Divorce or separation can be a traumatizing experience…. no matter the situation. It is an end to a “family” the way it existed, leaving everyone in its wake to figure out how to move forward.
Research shows us that the quality of the parents communication and co-parenting relationships profoundly impacts how children adjust to the divorce or separation of their parents AND they do significantly better when their parents share custody. It can be challenging for parents to set aside their own personal feelings when dealing with their “ex” around parenting, separating that role from their previous intimate relationship as partners.
Traditionally, co-parenting is a type of shared parenting in which you and your ex work together to raise your children. The rules are similar at both homes, and you have a united front for the benefit of the children. In co-parenting, you discuss issues that arise with the children and agree on a solution together.
When there is high conflict or one parent who is difficult or having a harder time communicating in a healthy, productive manner, parallel parenting may be a crucial alternative.
Parallel parenting is co-parenting with added boundaries. The most significant boundary created is around communication. In parallel parenting you disconnect from your co-parent on a certain level by not communicating directly with each other. This distance can diffuse emotional outbursts and can be especially helpful in high conflict situations. Both parents commit to limiting their interactions to only what is most important and pertaining to your children and the parenting plan. The main form of communication is written so that there are no misunderstandings and reduces opportunity for manipulation of the agreement. This also creates accountability for things that are agreed upon eliminating the opportunity for a difficult parent to create a power struggle.
Tools for Parallel Parenting
The OurFamilyWizard is one parenting tool that can be used for parental communication. The website provides an online communication tool that is much more than just messaging. The different features of the website section out where parents should be communicating about particular topics such as the parenting schedule, child-related expenses, and vital family information. (www.ourfamilywizard.com) They also have something called a “tone meter” which will flag for emotionally charged wording and communication. This gives each parent a moment to reflect and evaluate their words before they send it.
Some parents agree on the major decisions regarding their children, such as religion, school, and extracurriculars, and leave the logistics up to the person exercising their parenting time. Other people assign a particular area to each parent, and that parent is responsible for making those decisions. In parallel parenting, parents switch out attending their children's appointments and events. This reduces the time they have to spend with each other.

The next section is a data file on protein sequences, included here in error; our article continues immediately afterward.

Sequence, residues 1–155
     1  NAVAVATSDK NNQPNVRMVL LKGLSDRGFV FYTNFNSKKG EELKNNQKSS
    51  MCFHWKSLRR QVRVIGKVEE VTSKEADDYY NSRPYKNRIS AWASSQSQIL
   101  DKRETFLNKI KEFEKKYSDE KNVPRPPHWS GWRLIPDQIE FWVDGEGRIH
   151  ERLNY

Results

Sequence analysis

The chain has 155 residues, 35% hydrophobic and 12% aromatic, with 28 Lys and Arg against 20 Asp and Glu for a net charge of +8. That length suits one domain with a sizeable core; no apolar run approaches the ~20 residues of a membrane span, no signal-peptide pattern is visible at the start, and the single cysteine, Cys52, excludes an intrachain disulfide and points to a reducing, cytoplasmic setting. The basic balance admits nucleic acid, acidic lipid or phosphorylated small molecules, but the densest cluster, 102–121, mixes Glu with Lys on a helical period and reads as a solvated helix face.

Some other important considerations that lead to effective parallel parenting:
- Set boundaries with your co-parent and your personal life. Also give them space in their personal life. You may need to limit your social media or choose to unfollow or not view posts that may be connected to your co-parent. Don’t respond to harassing or intimidating communication.
- Talk to someone. Dealing with a conflict divorce or difficult co-parent is highly distressing and often leaves individuals feeling powerless. Seeking support from family and friends and finding a professional therapist to help you navigate these difficult experiences can be very helpful.
- Talk to your attorney. You have rights. Keep an open line with your attorney to see if there are any ways the legal system can help you with your boundaries.
- Determine your parenting plan and stick to it the best you can. Let go of what happens during your ex’s parenting time. Children adapt to different rules and schedules.
- Create communication boundaries and then decide how you will best handle the times when need to talk. Communicate as little as possible and when you need to use written communication.
Parallel parenting allows both parents to stay involved in their children's lives, even in a high-conflict separation or divorce. Studies have shown that children have the best outcomes when they spend at least 35% of their time with each parent. This is true even if one parent opposes joint custody or the parents are in a difficult situation.
The benefits of joint custody for children include:
- Fewer behavior problems
- Fewer emotional problems
- Higher self-esteem
- Better school performance
- Better family relationships
So how can you create a Parallel Parenting Plan?
Parallel parenting plans should be as specific and detailed as possible. The goal is to limit communication and contact between parents. Parallel parenting plans should include:
- The start and end of each person’s parenting time
- A specific exchange time and place
- Responsibility for transportation
- What happens in the event of cancellation or make-up times
- Specific days of visits
- When each parent has decision-making power